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UPDATE: 'Milky Rain' Not Volcanic Ash, Says Researcher

Feb 10, 2015 11:35 PM EST
(Photo : Pixabay)

Remember that mysterious "milky rain" that fell in parts of Washington and Oregon last week? Now a researcher from Washington State University (WSU) is making the claim that it is not volcanic ash caught in rainclouds, as was suspected, but rather the result of a rare event at an ancient lake.

The rain, which fell on Friday, was turning rain gauges a murky white and splattering car hoods with a chalk-like residue. Even without a chemical analysis, experts quickly deduced that the unusual rain was harmless. What's more, they speculated that its origins could likely be traced back to clouds of volcanic ash which came from either a recent eruption along Mexico's west coast, or from the volcano Shiveluch in Kamchatka Krai, Russia.

However, when the US National Weather Service (NWS) team in Spokane, Wash. ran a series of simulations to predict local storm patterns and atmospheric trends, it remained unclear if the ash had come from either of these sources, as high-speed winds had moved in a deep 'U' up and down the far-eastern Pacific. What's more, the two most likely sources for volcanic ash were up to 4,000 miles away.

According to the US Geological Survey, an explosion at Washington's own Mount St. Helens on May 18, 1980, one of the best monitored volcanic eruptions in history, spewed trace amounts of ash only as far as Colorado and Oklahoma - 1,000 and 1,500 miles away, respectively.

That's why WSU meteorologist Nic Loyd suspects that experts should abandon the volcanic ash theory altogether.

"Drifting ash from a volcanic eruption would have been easier to figure out," he said in a statement, arguing that as the origins are still unclear, the cause is likely something more complex.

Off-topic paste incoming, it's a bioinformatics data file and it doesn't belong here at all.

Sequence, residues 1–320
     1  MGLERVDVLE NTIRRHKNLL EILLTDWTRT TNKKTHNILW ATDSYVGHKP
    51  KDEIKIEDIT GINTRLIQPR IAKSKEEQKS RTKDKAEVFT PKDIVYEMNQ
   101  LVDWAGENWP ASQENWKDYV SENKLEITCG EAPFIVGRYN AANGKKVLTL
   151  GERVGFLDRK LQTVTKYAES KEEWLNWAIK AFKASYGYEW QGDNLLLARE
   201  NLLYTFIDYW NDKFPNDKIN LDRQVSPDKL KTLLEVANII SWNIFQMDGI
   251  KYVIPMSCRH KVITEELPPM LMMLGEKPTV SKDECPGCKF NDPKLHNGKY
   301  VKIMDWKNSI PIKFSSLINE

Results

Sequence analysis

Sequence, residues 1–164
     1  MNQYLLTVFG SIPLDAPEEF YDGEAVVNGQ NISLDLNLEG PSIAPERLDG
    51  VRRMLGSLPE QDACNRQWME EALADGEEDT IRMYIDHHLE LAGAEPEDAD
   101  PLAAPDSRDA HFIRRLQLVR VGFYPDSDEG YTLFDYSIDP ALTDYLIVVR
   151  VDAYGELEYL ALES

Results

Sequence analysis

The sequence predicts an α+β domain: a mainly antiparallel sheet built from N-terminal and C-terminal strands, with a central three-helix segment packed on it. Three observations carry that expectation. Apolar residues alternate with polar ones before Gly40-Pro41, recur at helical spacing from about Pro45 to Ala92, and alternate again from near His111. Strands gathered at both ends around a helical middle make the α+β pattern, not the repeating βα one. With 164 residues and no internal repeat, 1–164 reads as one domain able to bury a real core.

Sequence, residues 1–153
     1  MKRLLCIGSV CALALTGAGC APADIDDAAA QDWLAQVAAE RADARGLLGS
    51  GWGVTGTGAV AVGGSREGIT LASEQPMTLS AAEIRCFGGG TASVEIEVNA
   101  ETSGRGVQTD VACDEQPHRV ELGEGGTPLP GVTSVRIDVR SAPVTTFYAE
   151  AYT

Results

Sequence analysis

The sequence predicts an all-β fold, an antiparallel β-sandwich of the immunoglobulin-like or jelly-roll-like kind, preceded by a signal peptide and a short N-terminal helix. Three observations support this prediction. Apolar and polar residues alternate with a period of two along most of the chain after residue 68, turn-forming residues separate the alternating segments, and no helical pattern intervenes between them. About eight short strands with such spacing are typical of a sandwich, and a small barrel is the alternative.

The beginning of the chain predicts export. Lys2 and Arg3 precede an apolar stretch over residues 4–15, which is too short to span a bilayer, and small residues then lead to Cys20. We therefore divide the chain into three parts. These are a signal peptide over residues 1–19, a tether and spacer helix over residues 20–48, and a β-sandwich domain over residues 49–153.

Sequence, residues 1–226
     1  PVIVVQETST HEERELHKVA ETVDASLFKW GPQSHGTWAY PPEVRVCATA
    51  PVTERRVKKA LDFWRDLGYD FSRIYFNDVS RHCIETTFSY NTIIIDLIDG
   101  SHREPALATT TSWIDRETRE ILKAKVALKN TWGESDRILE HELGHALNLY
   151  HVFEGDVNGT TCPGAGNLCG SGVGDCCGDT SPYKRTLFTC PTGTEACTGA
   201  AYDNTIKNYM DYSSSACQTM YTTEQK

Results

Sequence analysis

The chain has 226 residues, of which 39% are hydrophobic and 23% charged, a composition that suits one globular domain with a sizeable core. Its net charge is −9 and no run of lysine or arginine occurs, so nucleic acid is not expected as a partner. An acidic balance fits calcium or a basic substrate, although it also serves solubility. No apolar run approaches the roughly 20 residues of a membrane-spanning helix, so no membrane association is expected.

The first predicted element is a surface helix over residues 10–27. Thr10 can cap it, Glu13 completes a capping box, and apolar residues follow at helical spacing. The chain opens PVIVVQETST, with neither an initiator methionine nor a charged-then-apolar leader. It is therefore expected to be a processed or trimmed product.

Loyd and his colleagues at the AgWeatherNet service believe that the "ash" is actually dust from a dust storm that struck Summer Lake in central Oregon on Thursday night. The storm clocked up to 60 mph winds, and combined with an unusual progression of weather events to push the dust northward. (Scroll to read on...)

Dust storm in Summer Lake - a very old and expansive saline lake.
(Photo : Flickr: jar ()) Dust storm in Summer Lake - a very old and expansive saline lake.

First, Loyd explained, hurricane-force winds whipped across the Summer Lake region in south central Oregon, "lofting dry, light-colored sands and soils into the air."

Next, strong southerly winds transported the sand and soil particles northward.

"Had the winds not been so strong or constant, the dust plume would have dispersed before it got [to Washington]," said Loyd. "As it was, it was able to travel a large distance in less than 12 hours."

In the midst of a northbound rainstorm from the Pacific, Washington residents didn't even notice when the dust arrived, as it was immediately caught in falling raindrops to create the phenomenon that had captured the West Coast's attention last week. That storm eventually moved onward towards Oregon, carrying what remained of the dust with it - and speckling car hoods with mystery in the process.

"It was an unusual convergence of weather factors that set up the event," Loyd concluded.

Still, it should be said that while this is likely the most convincing and thought-out theory yet, it will take chemical analyses of the "milky rain" to show what really happened once and for all.

Who knows? Maybe it was actually raining milk! I can't wait for the cookie hail next.

For more great nature science stories and general news, please visit our sister site, Headlines and Global News (HNGN).

- follow Brian on Twitter @BS_ButNoBS.

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